May 30

Until now it’s been hard for physicians to forecast exactly what a cancer cell will do over time, but a research team at Hebrew University of Jerusalem has recently shared the details of a breakthrough that allows them to precisely predict cancer cell behavior like never before.

They say it could transform cancer diagnosis and treatment, and enhance personalized medicine, enabling treatment tailored to the needs of an individual patient.

Their research centers on how individual cancer cells respond when exposed to tiny particles of various sizes. They measured exactly how many particles were consumed by each cell.

They then used machine learning algorithms to analyze these uptake patterns and predict how each individual cell would respond to any given drug and how likely they were to spread to other parts of the body.

“Our method is novel in its ability to distinguish between cancer cells that appear identical but behave differently at a biological level,” said Yoel Goldstein, a doctoral student at the university’s School of Pharmacy.

“Being capable of collecting and analyzing new types of data brings up new possibilities for the field, with the potential to revolutionize clinical treatment and diagnosis through the development of new tools.”

Yoel Goldstein (left) and Prof. Ofra Benny (right) in the lab. Photo provided by the Hebrew University of Jerusalem
Yoel Goldstein (left) and Prof. Ofra Benny (right) in the lab. Photo provided by the Hebrew University of Jerusalem

Current tools for predicting and detecting cancer are often inaccurate and inefficient.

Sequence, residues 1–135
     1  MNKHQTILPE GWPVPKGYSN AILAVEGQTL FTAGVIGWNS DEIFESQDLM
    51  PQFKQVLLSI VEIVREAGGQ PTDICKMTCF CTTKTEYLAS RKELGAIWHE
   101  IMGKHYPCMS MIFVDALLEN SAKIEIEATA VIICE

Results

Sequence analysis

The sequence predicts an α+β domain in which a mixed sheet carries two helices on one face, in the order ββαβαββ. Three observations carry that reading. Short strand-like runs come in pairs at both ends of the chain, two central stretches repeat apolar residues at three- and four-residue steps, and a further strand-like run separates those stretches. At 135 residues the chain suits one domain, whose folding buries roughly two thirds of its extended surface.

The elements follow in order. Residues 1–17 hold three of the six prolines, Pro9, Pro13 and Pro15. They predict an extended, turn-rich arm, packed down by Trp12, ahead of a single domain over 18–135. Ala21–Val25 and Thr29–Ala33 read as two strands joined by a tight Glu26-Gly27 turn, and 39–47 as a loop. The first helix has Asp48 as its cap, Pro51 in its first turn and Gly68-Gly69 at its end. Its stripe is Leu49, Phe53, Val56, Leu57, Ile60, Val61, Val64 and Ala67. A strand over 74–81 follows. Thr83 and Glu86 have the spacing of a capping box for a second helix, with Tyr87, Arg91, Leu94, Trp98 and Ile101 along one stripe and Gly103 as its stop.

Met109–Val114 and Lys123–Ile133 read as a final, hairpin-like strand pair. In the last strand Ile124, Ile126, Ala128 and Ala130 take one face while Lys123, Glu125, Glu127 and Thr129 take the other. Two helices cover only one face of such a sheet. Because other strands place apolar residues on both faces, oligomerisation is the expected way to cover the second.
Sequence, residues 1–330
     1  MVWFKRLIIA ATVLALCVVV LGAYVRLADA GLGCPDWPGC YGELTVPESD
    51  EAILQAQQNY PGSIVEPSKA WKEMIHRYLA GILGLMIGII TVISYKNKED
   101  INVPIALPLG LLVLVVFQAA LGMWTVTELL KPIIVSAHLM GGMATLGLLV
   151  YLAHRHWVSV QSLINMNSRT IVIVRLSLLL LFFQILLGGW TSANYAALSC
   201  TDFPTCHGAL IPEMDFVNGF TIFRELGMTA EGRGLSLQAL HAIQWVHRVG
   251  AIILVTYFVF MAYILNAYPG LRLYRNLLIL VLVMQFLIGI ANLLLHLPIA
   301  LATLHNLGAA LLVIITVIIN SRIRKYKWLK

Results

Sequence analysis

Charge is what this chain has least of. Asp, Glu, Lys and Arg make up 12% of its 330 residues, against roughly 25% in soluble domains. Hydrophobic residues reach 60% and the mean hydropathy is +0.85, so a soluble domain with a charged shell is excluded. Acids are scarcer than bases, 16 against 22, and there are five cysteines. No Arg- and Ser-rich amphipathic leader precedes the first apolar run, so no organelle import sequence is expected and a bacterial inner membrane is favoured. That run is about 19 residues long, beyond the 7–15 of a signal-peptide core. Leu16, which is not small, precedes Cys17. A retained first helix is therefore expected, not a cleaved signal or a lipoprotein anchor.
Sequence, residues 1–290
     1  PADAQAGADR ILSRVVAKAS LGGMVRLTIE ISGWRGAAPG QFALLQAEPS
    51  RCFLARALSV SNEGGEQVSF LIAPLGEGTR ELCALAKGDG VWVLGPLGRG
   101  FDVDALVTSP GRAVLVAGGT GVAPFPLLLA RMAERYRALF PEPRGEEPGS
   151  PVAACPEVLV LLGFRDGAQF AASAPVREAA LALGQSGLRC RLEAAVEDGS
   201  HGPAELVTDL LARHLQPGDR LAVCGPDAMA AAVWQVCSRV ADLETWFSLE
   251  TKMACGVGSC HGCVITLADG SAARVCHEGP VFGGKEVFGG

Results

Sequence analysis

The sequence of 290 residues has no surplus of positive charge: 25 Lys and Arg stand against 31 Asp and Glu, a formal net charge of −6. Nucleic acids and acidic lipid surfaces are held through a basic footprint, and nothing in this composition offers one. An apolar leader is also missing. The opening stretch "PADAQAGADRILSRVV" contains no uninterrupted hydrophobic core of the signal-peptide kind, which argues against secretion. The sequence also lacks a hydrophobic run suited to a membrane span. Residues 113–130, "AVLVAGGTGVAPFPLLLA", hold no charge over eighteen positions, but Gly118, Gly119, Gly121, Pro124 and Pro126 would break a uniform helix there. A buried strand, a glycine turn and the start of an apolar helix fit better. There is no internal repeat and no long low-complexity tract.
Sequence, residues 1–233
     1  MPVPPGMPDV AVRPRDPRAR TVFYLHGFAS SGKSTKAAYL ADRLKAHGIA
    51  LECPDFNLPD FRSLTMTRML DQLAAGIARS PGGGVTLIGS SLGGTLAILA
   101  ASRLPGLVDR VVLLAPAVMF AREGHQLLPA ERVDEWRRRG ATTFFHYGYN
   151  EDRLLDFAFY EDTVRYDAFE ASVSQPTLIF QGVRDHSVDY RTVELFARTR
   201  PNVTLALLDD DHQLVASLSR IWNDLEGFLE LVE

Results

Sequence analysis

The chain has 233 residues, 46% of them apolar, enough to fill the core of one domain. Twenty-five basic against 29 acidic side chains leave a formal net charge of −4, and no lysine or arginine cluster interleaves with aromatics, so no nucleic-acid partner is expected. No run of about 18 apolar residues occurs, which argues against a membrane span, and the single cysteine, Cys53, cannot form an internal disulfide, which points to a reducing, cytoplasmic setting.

Traditional methods for predicting and detecting cancer like imaging scans and tissue biopsies can be invasive, costly and time-consuming, leading to delays in treatment and potential misdiagnoses.

The new method uses nanoinformatics — the study of nature’s tiniest building blocks — together with AI to create a more effective and non-invasive diagnostic tool.

“This discovery allows us to potentially use cells from patient biopsies to quickly predict disease progression or chemotherapy resistance,” said Prof. Ofra Benny, who jointly led the study.

“It could also lead to the development of innovative blood tests that assess the efficacy of targeted immunotherapy treatments as an example.”

The new predictive tool would make a huge difference for many patients who currently wait a long time for a diagnosis, don’t receive the best possible treatment and suffer anxiety as a result.

The team’s research paper, “Particle uptake in cancer cells can predict malignancy and drug resistance using machine learning,” is available in the peer-reviewed journal Science Advances.

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Jason Harris

Jason Harris

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